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Using Paperless Writing Practice to Produce Impressive Results

Posted by Annie Johansen on May 24, 2016 at 11:19 AM

Contributing Author: Jeni Boulanger

Teaching good writing habits is always challenging. It takes time to locate engaging text, create meaningful prompts, and grade those hand-written papers, and that makes us teachers inclined to avoid assigning writing like this very often. Yet our students need all the practice they can get in order to see growth. Over the past few months, I’ve integrated Front Row’s writing program into my classroom and seen staggering results! 


In my middle school classroom, we focus writing strong claims and using textual evidence to support it. After all, these are the basic skills required to prove a point, no matter what content area we’re talking about. I’ve been using the ACE structure: Answer, Cite Evidence, and Explain. I found this was an easy model to use to communicate my expectations to my students in a way they could really comprehend. In the past, I was using Junior Scholastic articles and other nonfiction texts to provide writing opportunities for my students, but this was time-consuming, required several photocopies, and didn’t provide much ability for differentiation among my students’ diverse reading levels.

When I found Front Row, I was excited to see the potential for nonfiction reading practice and the writing assignments. Right away, I noticed some of the writing prompts that accompanied the nonfiction reading articles were a perfect fit to the writing goal for my students -- making a clear claim, supporting it with textual evidence, and providing an explanation.


In my class, a Front Row article is weekly homework, both the reading and writing components. It is something my students can usually complete within 30 minutes and are excited to do. It is vital to have the ability to differentiate the reading levels on the articles (all Front Row articles are written at 5 different reading levels) to meet my students at their current level. While the writing prompts are also differentiated, the expectation for writing remains the same.

I also enjoy that all their work is neatly contained on the website -- completely paperless! Front Row makes it easy to view and score writing on a 4-point scale. However, my students need more specific feedback, so I also provide meaningful feedback by copying and pasting the students writing (usually a paragraph) into an email I send to them along with all of my comments.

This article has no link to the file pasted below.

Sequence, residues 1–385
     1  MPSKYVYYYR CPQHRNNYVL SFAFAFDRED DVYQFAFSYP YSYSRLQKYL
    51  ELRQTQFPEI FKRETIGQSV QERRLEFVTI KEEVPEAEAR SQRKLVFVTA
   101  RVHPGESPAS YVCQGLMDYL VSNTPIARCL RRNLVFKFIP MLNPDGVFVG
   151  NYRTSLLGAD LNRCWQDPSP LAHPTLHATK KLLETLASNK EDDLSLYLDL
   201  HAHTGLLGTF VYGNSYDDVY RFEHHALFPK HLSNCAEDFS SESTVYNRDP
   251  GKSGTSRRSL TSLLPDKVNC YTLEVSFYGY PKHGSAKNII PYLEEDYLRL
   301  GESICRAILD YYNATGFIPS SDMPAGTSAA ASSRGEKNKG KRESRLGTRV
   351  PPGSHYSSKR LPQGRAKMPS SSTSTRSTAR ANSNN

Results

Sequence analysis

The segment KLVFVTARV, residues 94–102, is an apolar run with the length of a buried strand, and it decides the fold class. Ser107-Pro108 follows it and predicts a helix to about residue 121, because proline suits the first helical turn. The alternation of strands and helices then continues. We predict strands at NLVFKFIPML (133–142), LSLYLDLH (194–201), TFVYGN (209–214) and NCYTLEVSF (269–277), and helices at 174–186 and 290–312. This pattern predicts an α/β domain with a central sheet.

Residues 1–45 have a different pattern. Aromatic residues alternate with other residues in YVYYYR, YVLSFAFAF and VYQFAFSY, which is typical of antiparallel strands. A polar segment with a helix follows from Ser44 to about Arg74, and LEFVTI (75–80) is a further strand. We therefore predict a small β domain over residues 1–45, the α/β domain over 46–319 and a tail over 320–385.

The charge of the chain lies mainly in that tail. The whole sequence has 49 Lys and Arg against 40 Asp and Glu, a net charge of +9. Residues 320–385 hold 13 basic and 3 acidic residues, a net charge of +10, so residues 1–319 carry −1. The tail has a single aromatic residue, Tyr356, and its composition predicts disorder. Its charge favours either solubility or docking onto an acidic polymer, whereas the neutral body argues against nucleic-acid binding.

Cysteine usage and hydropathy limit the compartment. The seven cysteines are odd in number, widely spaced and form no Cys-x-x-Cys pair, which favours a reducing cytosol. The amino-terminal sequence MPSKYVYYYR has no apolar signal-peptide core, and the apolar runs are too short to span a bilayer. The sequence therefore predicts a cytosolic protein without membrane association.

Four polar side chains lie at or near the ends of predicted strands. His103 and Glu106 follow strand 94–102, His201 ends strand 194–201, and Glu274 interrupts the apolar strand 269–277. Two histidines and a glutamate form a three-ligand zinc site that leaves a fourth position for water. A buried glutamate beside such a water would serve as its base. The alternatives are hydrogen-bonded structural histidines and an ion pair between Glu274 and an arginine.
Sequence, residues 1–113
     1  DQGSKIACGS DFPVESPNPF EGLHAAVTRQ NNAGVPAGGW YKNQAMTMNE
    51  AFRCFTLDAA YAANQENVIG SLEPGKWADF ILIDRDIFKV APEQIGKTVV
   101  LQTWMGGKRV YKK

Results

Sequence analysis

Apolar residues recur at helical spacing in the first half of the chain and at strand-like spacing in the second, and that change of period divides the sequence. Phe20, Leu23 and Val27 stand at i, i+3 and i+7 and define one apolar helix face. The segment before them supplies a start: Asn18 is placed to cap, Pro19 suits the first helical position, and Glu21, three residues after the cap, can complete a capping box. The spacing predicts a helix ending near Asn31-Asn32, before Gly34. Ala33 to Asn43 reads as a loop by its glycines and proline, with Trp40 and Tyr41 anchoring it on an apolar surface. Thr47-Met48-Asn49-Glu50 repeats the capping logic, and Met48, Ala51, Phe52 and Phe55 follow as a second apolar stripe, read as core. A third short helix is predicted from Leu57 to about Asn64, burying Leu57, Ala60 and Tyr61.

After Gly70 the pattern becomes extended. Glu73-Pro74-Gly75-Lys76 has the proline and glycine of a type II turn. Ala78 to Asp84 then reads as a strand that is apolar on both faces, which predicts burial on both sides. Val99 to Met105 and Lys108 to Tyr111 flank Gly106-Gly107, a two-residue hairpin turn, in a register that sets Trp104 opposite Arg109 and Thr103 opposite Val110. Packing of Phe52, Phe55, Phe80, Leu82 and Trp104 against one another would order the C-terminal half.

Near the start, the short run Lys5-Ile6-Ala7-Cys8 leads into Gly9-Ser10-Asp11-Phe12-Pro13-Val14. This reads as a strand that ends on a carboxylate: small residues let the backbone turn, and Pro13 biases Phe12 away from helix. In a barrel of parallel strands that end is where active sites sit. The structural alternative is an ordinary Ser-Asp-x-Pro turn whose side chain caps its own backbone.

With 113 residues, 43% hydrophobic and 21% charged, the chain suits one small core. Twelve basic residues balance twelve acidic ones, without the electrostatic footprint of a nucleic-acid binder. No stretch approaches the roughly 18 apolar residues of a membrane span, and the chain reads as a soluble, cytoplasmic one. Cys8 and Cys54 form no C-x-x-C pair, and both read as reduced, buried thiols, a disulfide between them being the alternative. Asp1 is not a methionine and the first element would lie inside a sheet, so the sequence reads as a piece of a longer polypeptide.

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Each week, I select student exemplars to display for class and discuss the “glows and grows.”  Students are able to access their emailed feedback and use the comments to revise their paragraph and/or improve their writing on the next assignment. Within a few assignments, I saw tremendous growth in my students’ writing. They were able to see where they needed to improve and worked to do it.  Having all their work digital made it easier to keep a record of their progress as well, allowing me to access my comments and their scores at the click of a mouse. Compared to the old method of handing back a paper with red comments all over it, which was usually just skimmed (if that) and placed somewhere never to be found or consulted again, Front Row allowed for easy grading and real growth to happen in my classroom.

I was so happy with the results I was seeing that I used Front Row in my intervention writing class as the sole means to practice their writing. It was highly engaging, as students love to be on the computers, and I saw students who came in without any understanding of writing an ACE response, leave in less than 4 weeks having mastered it!  Even those that didn’t master it, showed significant growth.  This continues to be reflected in their regular classwork. I am so proud of the growth all my students have made in writing, and I know using Front Row was a big part of it.

The work is paperless, and the data is collected permanently, and I’ve got more time on my hands! I feel confident that with Front Row I can provide my students with engaging and meaningful practice in both reading and writing that yields substantial results!


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Jeni Boulanger currently teaches 7th grade Language Arts and Social Studies at Pinon Mesa Middle School in the High Desert town of Phelan, California. She has been teaching middle school (grades 7 & 8) since 1995, and has witnessed many trends in education, some good and some bad. She embraces her role as a teacher to inspire a love of learning among her students and a passion to never stop wondering about the world we live in. She is very enthusiastic about the increasing benefits of technology in the classroom and believes that the potential to reach students through the use of technology is endless!



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